September is Suicide Prevention Month
Content warning: The following blog article discusses the topic of suicide.
Throughout the month of September, and most especially on World Suicide Prevention Day (September 10) and Suicide Prevention Week (September 10 – 16) we remember the lives lost to suicide, the millions of people who have struggled with suicidal ideation, and acknowledge the individuals, families, and communities that have been impacted by suicide loss and attempts. This is also a time to raise awareness about suicide prevention, and spread the word that suicide prevention is everyone’s business!
There are things all of us can do to recognize Suicide Prevention Month and raise awareness, which will ultimately help save lives.
Know the Warning Signs
One of the most crucial aspects of suicide prevention is recognizing the warning signs. These can vary from person to person, but some common signs include:
- Expressing thoughts of suicide or a desire to die.
- A sudden change in behavior, such as withdrawing from social activities.
- Giving away possessions or making final arrangements.
- Increased use of drugs or alcohol.
- Drastic mood swings or expressions of hopelessness.
What should one do if they are feeling suicidal, or want to help a loved one who is exhibiting warning signs?
One of the best things you can do is to directly ask someone exhibiting warning signs if they have had thoughts of suicide/killing themself. Offer support, encouragement, and a non-judgmental listening ear. Let them know that it’s very normal to go through hard times or experience depression/anxiety and other mental health concerns, including thoughts of suicide. Reassure them that you are a safe place to bring those thoughts and concerns, and that you want to help be there for them. Often times, just having a safe and non-judgmental place to discuss a problem is immediately comforting and can reduce someone’s risk level. Breaking the stigma around mental illness and suicide, and showing someone that it is nothing to be ashamed of or embarrassed about and that you will continue to be there for them, can be immensely helpful.
It’s also helpful to know what resources are available to someone who needs help. For many people, coping mechanisms and safety planning, along with potentially receiving assistance like therapy, can be very beneficial. For those who are in crisis and may need immediate assistance, resources such as a suicide prevention helpline, walk-in center, mobile crisis team, or crisis stabilization may be worth exploring.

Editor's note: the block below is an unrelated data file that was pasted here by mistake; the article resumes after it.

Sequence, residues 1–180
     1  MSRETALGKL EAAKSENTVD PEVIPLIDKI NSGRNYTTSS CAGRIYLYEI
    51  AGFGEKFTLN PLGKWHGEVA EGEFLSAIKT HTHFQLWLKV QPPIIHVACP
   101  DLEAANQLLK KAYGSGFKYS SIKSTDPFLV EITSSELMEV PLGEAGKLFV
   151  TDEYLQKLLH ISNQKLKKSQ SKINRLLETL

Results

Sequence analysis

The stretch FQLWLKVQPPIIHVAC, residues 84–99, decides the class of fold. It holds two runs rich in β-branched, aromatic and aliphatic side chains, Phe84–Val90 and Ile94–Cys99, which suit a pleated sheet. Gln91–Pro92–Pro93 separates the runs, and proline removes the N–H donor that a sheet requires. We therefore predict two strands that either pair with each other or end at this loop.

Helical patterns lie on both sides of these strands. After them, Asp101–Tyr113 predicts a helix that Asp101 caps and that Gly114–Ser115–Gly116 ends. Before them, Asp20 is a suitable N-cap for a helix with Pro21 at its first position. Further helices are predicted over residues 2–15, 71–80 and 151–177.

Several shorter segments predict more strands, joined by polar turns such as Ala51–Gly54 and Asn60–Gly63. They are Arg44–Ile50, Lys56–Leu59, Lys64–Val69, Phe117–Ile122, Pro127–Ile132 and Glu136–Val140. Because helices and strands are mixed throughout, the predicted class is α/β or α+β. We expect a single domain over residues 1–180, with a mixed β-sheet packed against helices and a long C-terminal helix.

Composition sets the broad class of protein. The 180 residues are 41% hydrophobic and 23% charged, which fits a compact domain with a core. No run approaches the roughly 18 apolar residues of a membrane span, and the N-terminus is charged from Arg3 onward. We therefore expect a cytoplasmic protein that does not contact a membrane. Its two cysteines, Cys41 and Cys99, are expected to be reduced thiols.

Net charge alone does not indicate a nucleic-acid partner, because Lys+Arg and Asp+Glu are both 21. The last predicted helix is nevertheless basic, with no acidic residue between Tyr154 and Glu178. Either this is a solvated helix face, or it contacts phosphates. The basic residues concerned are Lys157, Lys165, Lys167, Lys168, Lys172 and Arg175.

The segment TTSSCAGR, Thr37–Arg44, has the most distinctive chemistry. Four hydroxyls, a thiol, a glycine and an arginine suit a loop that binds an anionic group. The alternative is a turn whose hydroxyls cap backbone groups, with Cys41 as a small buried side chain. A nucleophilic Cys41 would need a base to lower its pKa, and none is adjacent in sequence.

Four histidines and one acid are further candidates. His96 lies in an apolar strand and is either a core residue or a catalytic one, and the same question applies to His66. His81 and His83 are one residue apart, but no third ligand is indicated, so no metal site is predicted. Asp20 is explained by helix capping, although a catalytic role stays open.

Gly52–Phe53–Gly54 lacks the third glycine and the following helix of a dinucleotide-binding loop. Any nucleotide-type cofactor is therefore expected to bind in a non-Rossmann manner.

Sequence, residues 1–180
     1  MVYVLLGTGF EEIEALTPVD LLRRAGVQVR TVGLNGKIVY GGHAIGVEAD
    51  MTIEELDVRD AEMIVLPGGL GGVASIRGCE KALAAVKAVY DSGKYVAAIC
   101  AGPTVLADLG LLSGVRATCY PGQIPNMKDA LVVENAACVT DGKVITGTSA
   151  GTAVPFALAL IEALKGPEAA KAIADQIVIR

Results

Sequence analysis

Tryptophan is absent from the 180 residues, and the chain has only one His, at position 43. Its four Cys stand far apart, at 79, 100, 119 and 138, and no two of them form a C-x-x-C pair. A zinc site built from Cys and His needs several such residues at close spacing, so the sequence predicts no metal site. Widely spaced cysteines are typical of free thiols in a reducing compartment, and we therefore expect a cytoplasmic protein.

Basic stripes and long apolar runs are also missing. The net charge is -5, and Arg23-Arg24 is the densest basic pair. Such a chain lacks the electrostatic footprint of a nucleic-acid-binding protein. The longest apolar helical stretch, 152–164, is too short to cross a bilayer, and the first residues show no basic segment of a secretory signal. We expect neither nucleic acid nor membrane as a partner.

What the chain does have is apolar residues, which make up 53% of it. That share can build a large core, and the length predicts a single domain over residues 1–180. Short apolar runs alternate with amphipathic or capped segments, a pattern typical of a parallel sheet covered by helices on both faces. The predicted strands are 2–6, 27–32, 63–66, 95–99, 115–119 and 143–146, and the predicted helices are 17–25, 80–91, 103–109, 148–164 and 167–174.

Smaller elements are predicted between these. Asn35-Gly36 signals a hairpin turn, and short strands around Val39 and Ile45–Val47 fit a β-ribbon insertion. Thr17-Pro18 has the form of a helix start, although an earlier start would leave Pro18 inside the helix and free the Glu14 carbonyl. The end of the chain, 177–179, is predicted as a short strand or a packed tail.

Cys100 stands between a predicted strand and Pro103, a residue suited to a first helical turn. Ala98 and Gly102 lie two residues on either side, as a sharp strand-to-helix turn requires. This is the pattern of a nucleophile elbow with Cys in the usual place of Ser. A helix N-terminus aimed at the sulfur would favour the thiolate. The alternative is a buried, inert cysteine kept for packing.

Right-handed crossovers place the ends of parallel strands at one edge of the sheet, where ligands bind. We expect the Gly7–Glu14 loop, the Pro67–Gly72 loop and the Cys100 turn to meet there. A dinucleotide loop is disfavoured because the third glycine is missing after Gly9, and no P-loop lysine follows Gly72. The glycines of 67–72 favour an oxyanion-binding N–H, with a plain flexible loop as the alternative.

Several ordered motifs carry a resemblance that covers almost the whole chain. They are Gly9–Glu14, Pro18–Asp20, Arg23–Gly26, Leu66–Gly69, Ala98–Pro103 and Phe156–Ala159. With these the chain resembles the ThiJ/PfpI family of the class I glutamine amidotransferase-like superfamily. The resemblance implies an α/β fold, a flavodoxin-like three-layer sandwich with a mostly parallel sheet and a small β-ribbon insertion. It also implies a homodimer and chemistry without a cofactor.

In the United States, 988 is the number to dial to reach the national network of centers who are specially training for suicide prevention. This number also acts as access to your community crisis hub where knowledgeable individuals answering calls/texts/chats will know what local resources are available, and how you or a loved one can access them.
Canada is currently in the process of adopting a nationwide 988 number as well. In the meantime, Talk Suicide Canada can be reached at 1-833-456-4566, or 1-866-277-3553 for those in Quebec.
Above all, we should recognize that suicide prevention is everyone’s business and responsibility. It’s on all of us to know the warning signs and know what to do to connect someone with the help they need. Some will avoid or ignore the issue thinking it is always best left to the professionals. And while that is true of providing someone with mental health treatment, anyone is capable of learning the warning signs and risk factors, and knowing what to do next.
Here are some steps you can take to make a difference during Suicide Prevention Month and beyond:
- Educate yourself: Learn more about the risk factors, warning signs, and available resources for suicide prevention. Consider taking a training like Mental Health First Aid, safeTALK, ASIST, or QPR.
- Reach out: If you suspect someone is struggling, don’t hesitate to ask them how they’re feeling and let them know you’re there to listen.
- Support mental health services: Advocate for increased funding and access to mental health services in your community. Encourage people to make donations to the non-profit organizations in your community that provide crisis services.
- Share resources: Use your platform to share information about crisis hotlines, support groups, and other resources available to those in need.
- Self-care: Take care of your mental health, and encourage others to do the same. Practicing self-care helps create a more empathetic and understanding society.
Suicide Prevention Month brings attention to an issue that affects far too many lives, and is a great entry point for many people to learn more about this important topic. But, it’s not enough to focus on suicide prevention for just one month a year. The work must continue year-round. By understanding the signs, breaking down stigma, and taking action to support those who are struggling, we can make a significant impact in the fight against suicide. Let’s work together to create a world where mental health is a priority, and every individual knows that they are not alone in their struggles. Remember, help is just a call or text away, and these organizations are here to support you or someone you care about.
Talk Suicide Canada
Crisis Services Canada
Canadian Association for Suicide Prevention
Substance Abuse and Mental Health Services Administration
American Foundation for Suicide Prevention
American Association of Suicidology
Mental Health America
Canadian Mental Health Association
Centre for Addiction and Mental Health
Centers for Disease Control
World Health Organization